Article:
Quakers have often been ambiguous about honouring historical figures. Plain language made sure that no honour was paid to leaders in the community; everyone got the informal ‘thee’ or ‘thou.’ There was no tangible honour paid to a dead leader in the community. The gravestone of an important man or woman was exactly like the gravestone of the humblest member of the community. No inspiration was taken from historical records of great leaders. Pre-Fox Church leaders had largely gotten it wrong, so their record was not worth looking at. Not even leaders in the Bible were noted as examples meant to inspire us. To the extent that history is often the record of battles fought and battles won, there was little interest in keeping these records in the Society of Friends. One’s inspiration was to come from the Inner Light, not the dark past.
On the other hand, the Quaker life is not merely an inner experience. If the Inner Light is given its proper place in the life of a Quaker, it will show through in the testimonies. These testimonies will shape the life of the Friend, and shape the place where he/she lives, works and plays. Looking into the history of Quakers as individuals and as communities will reveal the cultural impact of their testimonies, and give us examples today of how we can apply the testimonies to make this world a better place, and bring it closer to the Kingdom of Peace.
We all know about the impact of the Quakers on the slave trade, but there are many other examples of how the Quaker ideals shaped local realities, and the knowledge of them is worth preserving. For example, Fair Trade is a popular expression today of the testimonies of integrity and stewardship, amongst others. Did you know that a Quaker teacher named Elias Hicks was preaching Fair Trade in the 1820’s? Even as he lay dying, he resisted the use of a cotton sheet to keep him warm because the cotton industry was tainted by slavery. Maybe you knew that the first women’s rights convention in North America was convened in 1848 by five women, four of whom were Quaker. A number of Canadian settlements were founded by Quakers. In Ontario alone, there are the examples of Lloydtown, Newmarket, Norwich, Pelham, Pickering, Schomberg and Whitchurch. Nicholas Austin founded Austin, Quebec. When the Quakers came to existing settlements, their sense of conviction and purpose often mobilized the earlier settlers to build the first local school house, meeting house, and saw mill. Timothy Rogers founded both Newmarket and Pickering and his descendants founded Rogers Telecommunications Inc. The first woman principal of a public school in Ontario who went on to become Canada’s first woman doctor, Emily Stowe, was a Quaker. Crop scientist Charles Zavitz developed a strain of barley that dominated Canadian agriculture for 38 years but he refused any public accolades from the Canadian brewing industry. Quakers have enhanced many aspects of Canadian life.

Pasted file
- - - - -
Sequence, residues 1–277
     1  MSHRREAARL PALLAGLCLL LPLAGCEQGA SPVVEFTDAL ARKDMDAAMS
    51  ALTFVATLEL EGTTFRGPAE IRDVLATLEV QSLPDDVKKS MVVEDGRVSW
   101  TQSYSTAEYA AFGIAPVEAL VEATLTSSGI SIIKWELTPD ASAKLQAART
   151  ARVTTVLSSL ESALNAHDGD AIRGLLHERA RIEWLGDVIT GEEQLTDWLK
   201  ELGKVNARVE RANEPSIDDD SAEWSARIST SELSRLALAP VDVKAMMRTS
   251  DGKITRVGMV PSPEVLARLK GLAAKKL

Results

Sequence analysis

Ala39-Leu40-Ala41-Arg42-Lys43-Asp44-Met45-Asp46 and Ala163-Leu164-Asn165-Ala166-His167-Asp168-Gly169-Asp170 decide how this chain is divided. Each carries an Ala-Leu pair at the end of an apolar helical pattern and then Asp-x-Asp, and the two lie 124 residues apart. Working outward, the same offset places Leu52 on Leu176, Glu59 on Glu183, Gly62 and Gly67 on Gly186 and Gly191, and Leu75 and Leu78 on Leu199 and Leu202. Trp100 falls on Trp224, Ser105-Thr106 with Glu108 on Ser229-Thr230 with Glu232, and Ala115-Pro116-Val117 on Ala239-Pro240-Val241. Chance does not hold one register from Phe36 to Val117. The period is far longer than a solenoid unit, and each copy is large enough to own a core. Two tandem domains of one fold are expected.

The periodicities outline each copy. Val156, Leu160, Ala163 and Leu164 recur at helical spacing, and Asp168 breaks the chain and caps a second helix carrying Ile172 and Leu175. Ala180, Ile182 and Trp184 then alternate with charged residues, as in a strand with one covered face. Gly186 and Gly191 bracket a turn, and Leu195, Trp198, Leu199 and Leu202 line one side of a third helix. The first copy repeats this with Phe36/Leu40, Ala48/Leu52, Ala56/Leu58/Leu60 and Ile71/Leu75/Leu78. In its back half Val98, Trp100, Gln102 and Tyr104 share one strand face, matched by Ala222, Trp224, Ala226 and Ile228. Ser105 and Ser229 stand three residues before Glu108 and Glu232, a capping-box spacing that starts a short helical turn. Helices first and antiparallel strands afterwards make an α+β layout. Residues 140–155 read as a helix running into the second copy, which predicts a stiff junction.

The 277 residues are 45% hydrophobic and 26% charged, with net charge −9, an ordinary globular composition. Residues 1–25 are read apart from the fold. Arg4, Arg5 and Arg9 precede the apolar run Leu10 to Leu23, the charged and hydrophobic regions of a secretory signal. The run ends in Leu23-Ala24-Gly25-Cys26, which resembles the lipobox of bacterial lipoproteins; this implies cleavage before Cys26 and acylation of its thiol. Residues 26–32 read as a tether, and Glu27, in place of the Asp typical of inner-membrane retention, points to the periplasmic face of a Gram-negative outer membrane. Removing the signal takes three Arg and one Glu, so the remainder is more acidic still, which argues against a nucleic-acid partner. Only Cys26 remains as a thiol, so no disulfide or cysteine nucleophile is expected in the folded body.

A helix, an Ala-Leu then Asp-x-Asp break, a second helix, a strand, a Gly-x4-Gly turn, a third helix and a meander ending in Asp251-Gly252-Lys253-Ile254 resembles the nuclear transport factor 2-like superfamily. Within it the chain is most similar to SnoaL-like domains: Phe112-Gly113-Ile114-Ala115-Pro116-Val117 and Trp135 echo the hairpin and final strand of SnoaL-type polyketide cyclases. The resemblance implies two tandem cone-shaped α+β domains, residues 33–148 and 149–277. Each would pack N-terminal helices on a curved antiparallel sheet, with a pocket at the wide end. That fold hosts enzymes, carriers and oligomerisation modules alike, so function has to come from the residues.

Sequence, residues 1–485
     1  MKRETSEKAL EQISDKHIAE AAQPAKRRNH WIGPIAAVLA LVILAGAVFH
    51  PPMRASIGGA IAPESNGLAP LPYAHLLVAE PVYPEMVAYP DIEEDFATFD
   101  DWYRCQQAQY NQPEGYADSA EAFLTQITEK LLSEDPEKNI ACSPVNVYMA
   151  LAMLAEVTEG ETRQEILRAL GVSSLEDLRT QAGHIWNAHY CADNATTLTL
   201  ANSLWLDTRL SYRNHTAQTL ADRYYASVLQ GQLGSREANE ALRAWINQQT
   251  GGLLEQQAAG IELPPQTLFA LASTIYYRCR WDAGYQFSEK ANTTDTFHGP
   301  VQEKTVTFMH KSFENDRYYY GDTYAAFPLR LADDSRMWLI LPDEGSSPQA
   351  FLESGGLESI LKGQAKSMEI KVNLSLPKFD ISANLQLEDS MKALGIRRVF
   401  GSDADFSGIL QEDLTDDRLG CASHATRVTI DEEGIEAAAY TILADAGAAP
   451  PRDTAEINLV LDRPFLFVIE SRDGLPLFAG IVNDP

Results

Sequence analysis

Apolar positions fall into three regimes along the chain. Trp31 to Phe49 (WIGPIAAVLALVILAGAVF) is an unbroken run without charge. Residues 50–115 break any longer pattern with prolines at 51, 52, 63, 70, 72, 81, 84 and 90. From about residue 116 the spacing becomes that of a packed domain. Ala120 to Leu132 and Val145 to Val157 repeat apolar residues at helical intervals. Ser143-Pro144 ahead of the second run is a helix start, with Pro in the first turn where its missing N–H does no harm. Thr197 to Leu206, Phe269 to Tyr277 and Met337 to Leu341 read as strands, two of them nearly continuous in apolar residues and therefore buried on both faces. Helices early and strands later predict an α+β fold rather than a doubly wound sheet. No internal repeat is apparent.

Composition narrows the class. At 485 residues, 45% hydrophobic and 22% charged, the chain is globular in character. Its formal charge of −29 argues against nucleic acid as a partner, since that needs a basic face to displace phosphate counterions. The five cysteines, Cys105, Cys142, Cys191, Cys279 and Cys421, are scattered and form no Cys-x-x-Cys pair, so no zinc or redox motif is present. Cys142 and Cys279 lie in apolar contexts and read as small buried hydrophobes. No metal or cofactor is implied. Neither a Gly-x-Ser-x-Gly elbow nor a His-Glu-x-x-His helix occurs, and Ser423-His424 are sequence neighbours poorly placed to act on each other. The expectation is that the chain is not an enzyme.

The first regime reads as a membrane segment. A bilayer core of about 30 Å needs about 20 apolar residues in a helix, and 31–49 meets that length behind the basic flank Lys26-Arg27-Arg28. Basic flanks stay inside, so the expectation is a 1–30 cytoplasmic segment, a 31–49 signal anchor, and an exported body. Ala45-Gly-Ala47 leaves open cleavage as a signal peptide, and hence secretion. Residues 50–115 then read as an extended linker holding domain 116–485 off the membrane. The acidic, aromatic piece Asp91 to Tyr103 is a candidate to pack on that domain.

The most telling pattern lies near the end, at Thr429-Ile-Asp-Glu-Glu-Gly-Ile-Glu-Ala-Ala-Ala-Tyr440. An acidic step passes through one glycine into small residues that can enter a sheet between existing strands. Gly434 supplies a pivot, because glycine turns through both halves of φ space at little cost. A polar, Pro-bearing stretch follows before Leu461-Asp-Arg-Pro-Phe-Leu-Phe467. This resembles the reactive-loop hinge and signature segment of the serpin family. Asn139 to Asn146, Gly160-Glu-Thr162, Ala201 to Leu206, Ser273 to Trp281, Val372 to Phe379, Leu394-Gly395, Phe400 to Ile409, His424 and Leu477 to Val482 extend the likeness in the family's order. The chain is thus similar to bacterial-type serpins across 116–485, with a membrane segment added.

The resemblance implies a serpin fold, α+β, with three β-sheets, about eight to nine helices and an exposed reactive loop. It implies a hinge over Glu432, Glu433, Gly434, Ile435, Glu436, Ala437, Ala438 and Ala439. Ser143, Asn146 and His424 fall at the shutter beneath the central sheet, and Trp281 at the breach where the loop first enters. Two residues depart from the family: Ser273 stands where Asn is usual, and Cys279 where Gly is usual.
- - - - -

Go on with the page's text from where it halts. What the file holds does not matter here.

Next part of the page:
In Canada, there is a group of Friends and friends who have been active since 1972 in collecting and publishing the historical impact of Quakers. The Canadian Friends Historical Association (CFHA) is responsible for two publications, a monthly newsletter and an annual journal, and one annual conference in September. On top of that, it has three projects on the go. The oldest project is the Built Heritage Register. The purpose of this register is to document, recognize and, if possible, preserve Quaker-built heritage in Canada. Another project is the Family History Project. According to the CFHA website “the Canadian Quaker Family History Project seeks to document the lives and experiences of the thousands of descendants of Quaker settlers from the 18th century onwards. A more recent project has been the Transcription of Minute books and Registers of the Nine Partners Meeting in Millbrook, New York which contain many references to Canadian Friends. Another project being discussed might take the form of a Quakerpedia and be made up of an open directory to collect in one, easily accessible place a list of Quakers in Canada who have made a difference in their communities by their faithfulness to living out the Quaker testimonies.
If this blog entry has sparked an interest in you to help with maintain the historic Quaker testimony in Canada, please contact the CFHA through www.cfha.info.